Media professionals interested in reporting on university-related stories are encouraged to visit the media newsroom.
October 22, 2007
Of the 319 people who died in car accidents last year in the state of Nevada, 148 were not wearing their seat belt. Law enforcement officers estimate that half of those people would be with us today if they had only chose to buckle up.
"Wearing a seat belt is still the single most effective thing we can do to save lives and reduce injuries on America's roadways," said Adam Garcia, director of University Police Services. "I've seen numerous minor accidents where people died because they were not wearing seat belts -- a tremendous loss of life needlessly."
State law enforcement agencies are taking on this issue by buckling down on those who are not buckled up. Funded by a federal grant from the National Highway Transportation Commission, Nevada Department of Public Safety (NDPS) and law enforcement agencies throughout the state will begin the state's first teen "Click It or Ticket" enforcement wave, Oct. 20 through Nov. 4. Additional waves will take place in January, May and September 2008.
"Anything we can do to encourage seat belt use will help save lives," Garcia said. "Education and encouragement is not always enough. Sometimes law enforcement must make judgmental decisions on behalf of others, especially those who are too young to understand the potential consequences."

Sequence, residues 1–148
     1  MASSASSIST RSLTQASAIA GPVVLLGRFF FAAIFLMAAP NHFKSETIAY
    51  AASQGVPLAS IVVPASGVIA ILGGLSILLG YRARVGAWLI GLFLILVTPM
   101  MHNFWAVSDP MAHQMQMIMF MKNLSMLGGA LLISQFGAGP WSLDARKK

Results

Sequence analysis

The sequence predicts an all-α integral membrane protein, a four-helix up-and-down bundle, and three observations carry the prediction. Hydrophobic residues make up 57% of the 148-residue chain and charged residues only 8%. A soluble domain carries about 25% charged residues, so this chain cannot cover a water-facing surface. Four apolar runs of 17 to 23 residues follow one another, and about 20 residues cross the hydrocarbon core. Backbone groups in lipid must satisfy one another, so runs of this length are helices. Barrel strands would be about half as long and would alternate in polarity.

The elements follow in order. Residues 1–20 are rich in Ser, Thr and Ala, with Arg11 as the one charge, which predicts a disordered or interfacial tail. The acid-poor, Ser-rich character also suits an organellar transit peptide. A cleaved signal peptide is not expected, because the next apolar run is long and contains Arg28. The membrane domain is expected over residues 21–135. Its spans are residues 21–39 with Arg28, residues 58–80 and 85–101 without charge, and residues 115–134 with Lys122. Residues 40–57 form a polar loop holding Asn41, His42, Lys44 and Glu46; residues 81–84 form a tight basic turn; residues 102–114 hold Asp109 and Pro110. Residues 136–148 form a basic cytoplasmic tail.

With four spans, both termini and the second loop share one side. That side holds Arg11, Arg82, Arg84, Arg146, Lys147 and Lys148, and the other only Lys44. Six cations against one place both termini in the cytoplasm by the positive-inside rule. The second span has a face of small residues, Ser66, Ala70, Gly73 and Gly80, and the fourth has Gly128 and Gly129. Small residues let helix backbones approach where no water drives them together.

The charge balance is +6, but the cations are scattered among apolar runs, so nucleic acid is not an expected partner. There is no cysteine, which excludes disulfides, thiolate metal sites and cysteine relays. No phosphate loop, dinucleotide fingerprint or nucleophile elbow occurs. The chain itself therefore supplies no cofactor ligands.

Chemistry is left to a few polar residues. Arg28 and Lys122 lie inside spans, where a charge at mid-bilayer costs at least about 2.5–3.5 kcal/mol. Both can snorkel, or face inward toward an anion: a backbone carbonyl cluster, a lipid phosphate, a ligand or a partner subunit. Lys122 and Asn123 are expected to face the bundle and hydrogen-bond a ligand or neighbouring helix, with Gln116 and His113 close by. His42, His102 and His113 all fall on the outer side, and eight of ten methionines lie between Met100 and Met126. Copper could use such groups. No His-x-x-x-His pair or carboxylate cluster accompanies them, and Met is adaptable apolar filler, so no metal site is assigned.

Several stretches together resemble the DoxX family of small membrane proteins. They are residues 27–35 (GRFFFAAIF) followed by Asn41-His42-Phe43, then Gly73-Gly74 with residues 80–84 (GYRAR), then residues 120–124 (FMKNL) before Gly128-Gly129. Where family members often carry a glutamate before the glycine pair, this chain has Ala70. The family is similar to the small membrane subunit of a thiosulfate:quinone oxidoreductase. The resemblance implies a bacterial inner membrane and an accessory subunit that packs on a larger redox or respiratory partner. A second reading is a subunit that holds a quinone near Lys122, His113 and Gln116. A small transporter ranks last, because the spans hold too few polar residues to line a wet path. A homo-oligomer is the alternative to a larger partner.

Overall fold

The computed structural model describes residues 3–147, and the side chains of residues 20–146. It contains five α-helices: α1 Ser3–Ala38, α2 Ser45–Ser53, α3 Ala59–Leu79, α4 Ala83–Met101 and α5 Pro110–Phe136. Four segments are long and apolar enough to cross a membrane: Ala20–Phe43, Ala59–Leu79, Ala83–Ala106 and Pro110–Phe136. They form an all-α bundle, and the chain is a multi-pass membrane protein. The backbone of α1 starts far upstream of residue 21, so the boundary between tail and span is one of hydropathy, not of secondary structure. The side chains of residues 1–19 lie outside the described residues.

During this campaign, law enforcement officers will be on the look-out for young people, ages16-20, that are not buckled up. Statistics show that Nevada's teen seat belt usage rate is about 15 percent below the state average.
For Kelly Thomas Boyers, seat belt safety is an issue that has taken on great importance. Her son Adam Thomas, a University political science major, died in a car accident in March. Thomas was not belted in when he was ejected from his SUV on Interstate 80.
"Investigators told me that he would have lived if he was wearing his safety belt," Thomas Boyers said. "I know that if there would have been a law that said he could be pulled over for not wearing a seat belt, he would have been wearing his."
In an effort to spare other mothers from the pain she still experiences, Thomas Boyers has committed her time to lobbying such a law. In May, Thomas Boyers testified before the Nevada Assembly Transportation Committee in support of Senate Bill 42, a bill that would permit officers to pull over drivers for not wearing a seat belt. The bill was dismissed, but this did not discourage Thomas Boyers from moving forward with her efforts.
Thomas Boyers works with State Sen. Dennis Nolan of Las Vegas to raise awareness of seat belt safety. They are moving forward to form a safety belt coalition, she said.
Along with her lobbying efforts, Thomas Boyers has organized various charity events to raise awareness of seat belt safety. She is finalizing plans for the First Annual "Step Out for Safety" walk to take place in Las Vegas on Nov. 3. She is planning a similar event to take place in Reno in March in recognition of the first anniversary of Thomas' death.
Thomas Boyers also organized the Adam Thomas Memorial Fund to raise money for a scholarship for University Legislative Interns.
"Adam was given a great opportunity," Thomas Boyers said. "We would like to give other students that opportunity in his memory."
Thomas Boyers represents the parents of more than 30 Nevada teens and young adults who die in car accidents each year. NDPS hopes that the Click It or Ticket campaign will help young people recognize the importance of wearing a seat belt.